Starting on January 1, 2018, Eligible Employees will be entitled to 8 weeks of paid leave, receiving a maximum of 50% of their salary, which amount can be no more than 50% of the State's Average Weekly Wage. New York State's Average Weekly Wage is currently $1,296. Accordingly, the maximum weekly salary an employer will have to pay an Eligible Employee in 2018 is $648. Starting on January 1, 2019, Eligible Employees will be entitled to 10 weeks of paid leave, receiving a maximum of 55% of their salary, which amount can be no more than 55% of the State's Average Weekly Wage. Starting on January 1, 2020, Eligible Employees will be entitled to 10 weeks of paid leave, receiving a maximum of 60% of their salary, which amount can be no more than 60% of the State's Average Weekly Wage. Starting on January 1, 2021 (and continuing thereafter), Eligible Employees will be entitled to 12 weeks of paid leave, receiving a maximum of 67% of their salary, which amount can be no more than 67% of the State's Average Weekly Wage. Thus, for example, as of January 1, 2018, an Eligible Employee earning $1,000 per week will be entitled to $500 per week during each of the 8 weeks of leave. Meanwhile, an Eligible Employee earning $3,000 per week will only be entitled to $648 (50% of New York State's Average Weekly Wage) rather than $1,500 (50% of the employee's actual weekly wage) during each of the 8 weeks of leave.

How Will the Law Impact Employers?

The good news for employers is that PFL is entirely employee-funded. Beginning on or around July 1, 2017, employees will see a nominal deduction from their paycheck which funds will be used to finance the benefits afforded under PFL. Employees, with few exceptions, cannot opt out of the deduction. Employers will not need to make any direct financial contributions to subsidize PFL. Further, Eligible Employees must take any leave under PFL concurrently with leave taken under the FMLA. They cannot "stack" the benefits and take separate leave under each.

The bad news for employers is that PFL may dramatically increase business costs, especially for smaller companies, through the disruption it can cause on business operations. For example, Eligible Employees do not have to take paid leave under PFL consecutively. Rather, Eligible Employees can take their paid leave at any point during the 52 week period following the qualifying event (e.g. birth, adoption, foster placement, etc.) - which can cause serious operational disruptions to a business. Larger businesses previously subject to the FMLA may be familiar with the notion of intermittent leave; however, smaller businesses coming under the auspices of PFL are not only new to this concept but arguably are in a worse position to make necessary accommodations. Further, while PFL requires employees to give employers at least 30 days' notice before taking foreseeable leave, it only requires employees to provide notice "as soon as possible" before taking unforeseeable leave.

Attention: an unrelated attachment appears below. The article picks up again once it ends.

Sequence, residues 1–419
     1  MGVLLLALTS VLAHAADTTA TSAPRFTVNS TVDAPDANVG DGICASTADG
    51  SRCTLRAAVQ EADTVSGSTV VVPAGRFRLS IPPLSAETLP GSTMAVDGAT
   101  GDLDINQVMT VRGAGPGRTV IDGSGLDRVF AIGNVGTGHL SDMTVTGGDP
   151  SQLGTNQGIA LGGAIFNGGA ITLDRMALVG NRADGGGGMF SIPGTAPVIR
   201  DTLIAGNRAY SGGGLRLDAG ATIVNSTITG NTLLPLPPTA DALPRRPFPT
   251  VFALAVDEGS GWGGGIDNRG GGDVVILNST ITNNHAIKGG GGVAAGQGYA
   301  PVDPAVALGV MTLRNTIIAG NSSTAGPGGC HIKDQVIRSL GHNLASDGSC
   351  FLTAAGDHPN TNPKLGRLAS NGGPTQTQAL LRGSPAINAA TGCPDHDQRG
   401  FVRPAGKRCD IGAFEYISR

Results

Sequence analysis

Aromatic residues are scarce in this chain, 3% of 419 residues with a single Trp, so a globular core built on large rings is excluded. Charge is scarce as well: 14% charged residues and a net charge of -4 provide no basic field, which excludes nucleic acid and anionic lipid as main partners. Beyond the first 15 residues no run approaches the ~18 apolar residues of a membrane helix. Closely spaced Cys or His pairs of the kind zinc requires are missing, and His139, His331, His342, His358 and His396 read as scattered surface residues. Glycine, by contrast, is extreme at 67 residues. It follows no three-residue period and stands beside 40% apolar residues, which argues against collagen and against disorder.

Employers should note that while Eligible Employees who take paid leave under PFL are not entitled to accrue seniority, vacation, sick or personal days, or employment benefits during such leave, they are entitled to reinstatement to the same job, or a comparable job, upon returning to work. Further, as a condition of an Eligible Employee's initial receipt of paid leave benefits, employers can permit, but cannot require, that Eligible Employees use accrued sick, vacation or personal days simultaneously with leave under PFL so that they can collect their full salary. An employer must maintain any existing health insurance coverage afforded to the employee's (or the employee's family's) during any period of paid leave. An employer cannot discriminate or retaliate against an employee who takes paid leave without being subject to legal ramifications.

How Should New York Employers Prepare Now?

New York employers should consider doing the following to prepare for PFL:

  1. Revise internal rules, handbooks, posted notices, and employment agreements to include information concerning leave and employee obligations under PFL;
  2. Obtain PFL coverage under an existing or new insurance policy (or self-insure). Where a PFL insurance policy premium must be paid prior to January 1, 2018, employers can collect contributions from employees to cover the cost. Employers should note that insurance carriers are not required to offer PFL coverage so they may need to research and secure a policy with a new carrier;
  3. Submit comments to the New York State Worker's Compensation Board regarding the proposed regulations before the public comment period ends on April 8, 2017;
  4. Communicate with an attorney regarding finalized regulations issued by the New York State Worker's Compensation Board. The final regulations will be informative and instructive to employers;
  5. Identify resources to find short-term assistance with limited notice (e.g. recruiters, websites, etc.) to quickly adapt when Eligible Employees take paid leave, especially unforeseeable paid leave; and
  6. Engage in cross training and/or budget planning to account for absences and ensure smooth transitions while Eligible Employees are out on paid leave.

The enactment and implementation of PFL will require many employers to revise their current employment contracts, prepare new employment contracts for temporary hires filling-in for employees on leave, update internal handbooks and policies, take affirmative steps to inform employees about new terms and policies, and identify third party resources (e.g. insurance companies, recruiters) to ensure compliance and smooth business operations in the months and years to come. MH&H is here to assist you in connection with any and all of the foregoing.


1 The following employees are ineligible for paid leave: employees receiving total disability payments under workers' compensation, volunteer firefighters' benefits, or ambulance workers' benefits; employees on administrative leave; employees receiving sick pay or paid time off; and farm laborers. Public employees are only eligible for paid leave if their employer opts into the coverage while public employees represented by a union are only eligible if paid leave is provided for in a collective bargaining agreement.

The content of this article is intended to provide a general guide to the subject matter. Specialist advice should be sought about your specific circumstances.